This Aziz Ansari story seems to be a very grey area if we are to be completely honest with ourselves. Is this just an awkward date or is this sexual assault? This is a honest question that I am asking.
— Uche, J.D. (@AfroRhapsody) January 14, 2018
In an interview for 60 Minutes, Oprah sat down with entertainment attorney Nina Shaw; and actresses America Ferrera, Natalie Portman, Tracee Ellis Ross and Reese Witherspoon to discuss the complexities of this conversation. At one point, she stated, “People are afraid to say there’s a difference between inappropriate behavior, inappropriate comments, and sexual assault, and sexual predators, and rape. There is a difference.”
Black-ish star Tracee Ellis Ross explained a talking point that The New York City Alliance Against Sexual Assault knows well:
“There is a difference, but one part of it supports the other. There is an understanding of consent and respect that I think has gotten very confused in our culture that has set up a space that can make all of that, happen.”
Salon writer Mary Elizabeth Williams wrote:
“Plenty of women — women who have had experiences ranging from catcalls to coercion to violent abuse — can differentiate catcalls and coercion and violent abuse in their minds. We know that a grope isn’t a rape. We’re just sick and tired of acting like we’re supposed to be grateful when a grope isn’t a rape.”
While some people find the case against Aziz Ansari hard to swallow, be it his popularity in our culture, the role his work takes in discussing gender politics or something else entirely, it’s easy to agree “Time’s Up” on silence but what do we do with this awakening? As for the media’s polarizing reactions to the Aziz Ansari’s case, there’s still room to learn if we freeze the clock on Grace’s particular experience. If anything, this instance has shed a light that society has conflating ideas on consent.
Here are some things to keep in mind when thinking about consent.
Liquor is not a bargaining tool for sex:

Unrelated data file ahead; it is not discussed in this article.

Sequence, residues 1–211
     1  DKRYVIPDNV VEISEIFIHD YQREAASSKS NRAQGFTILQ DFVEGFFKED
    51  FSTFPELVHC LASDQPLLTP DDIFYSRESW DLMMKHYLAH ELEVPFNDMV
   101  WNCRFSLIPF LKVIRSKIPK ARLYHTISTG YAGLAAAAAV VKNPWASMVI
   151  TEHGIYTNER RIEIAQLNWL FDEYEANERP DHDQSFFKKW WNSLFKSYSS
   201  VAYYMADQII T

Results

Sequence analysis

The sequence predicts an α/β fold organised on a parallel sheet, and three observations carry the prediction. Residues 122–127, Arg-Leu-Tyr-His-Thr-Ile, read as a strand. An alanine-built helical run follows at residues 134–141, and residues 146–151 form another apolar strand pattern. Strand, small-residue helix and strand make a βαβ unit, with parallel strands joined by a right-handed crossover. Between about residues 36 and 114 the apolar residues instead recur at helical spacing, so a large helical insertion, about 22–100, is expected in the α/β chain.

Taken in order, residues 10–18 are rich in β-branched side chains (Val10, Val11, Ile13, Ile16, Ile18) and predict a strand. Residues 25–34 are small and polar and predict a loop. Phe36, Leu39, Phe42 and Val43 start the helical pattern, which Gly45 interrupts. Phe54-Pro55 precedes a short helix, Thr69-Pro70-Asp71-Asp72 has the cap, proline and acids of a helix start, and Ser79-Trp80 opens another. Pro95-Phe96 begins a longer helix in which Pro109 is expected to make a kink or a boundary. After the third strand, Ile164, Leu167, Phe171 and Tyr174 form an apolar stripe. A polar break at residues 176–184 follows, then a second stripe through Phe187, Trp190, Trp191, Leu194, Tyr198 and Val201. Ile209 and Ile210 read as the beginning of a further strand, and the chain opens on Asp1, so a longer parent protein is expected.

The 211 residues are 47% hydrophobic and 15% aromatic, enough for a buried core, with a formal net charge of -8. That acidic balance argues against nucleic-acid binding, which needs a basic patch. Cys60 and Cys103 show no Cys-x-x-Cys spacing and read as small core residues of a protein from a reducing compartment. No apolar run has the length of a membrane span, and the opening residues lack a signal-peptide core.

If you think pouring one more drink to turn a no into a yes is consent, then you’re mistaken. Any type of coercion is considered rape.
Consent is not always verbal:
It is true that not everybody is vocal or likely to explicitly say ‘yes’ throughout a sexual interaction. This is why it is important to check in with your partner/s about their communication style, what they feel comfortable with, and even how best to check in with them during sex.
If you don’t feel physical intimacy reciprocated you need to stop:
One of the articles in defense of Aziz is titled “Aziz Ansari is guilty. Of Not Being a Mind Reader” and sure, he’s not a mind reader, so with that in mind, if the other person isn’t physically or vocally enthusiastic, you can’t assume that they’re just shy. You need to stop all activity if the other person doesn’t seem enthusiastic. It’s the perfect opportunity to stop and ask, “Are you not enjoying this? Are you uncomfortable?”
Consent does not ruin a moment:
The idea that asking for or expecting consent will ruin the moment is a product of the harmful and often sexist media and culture that we are exposed to.
Consent should be talked about beforehand:
Some examples of phrases to use:
- What do you want to do?
- What feels good to you?
- How does x make you feel?
- I’d love to try x with you
- Could you do x to me, I really like that
Consent isn’t just practiced by people in the hookup culture:
Consent is needed with a long-term partner. Consent can be withdrawn at any time and has to be given to each sexual act. This means that with a new partner communication about boundaries and intentions is critical as you may not be able to pick up on their signs well. A long-term partner can still deny consent or choose not to have sex at any time, so it is important to give and get consent always!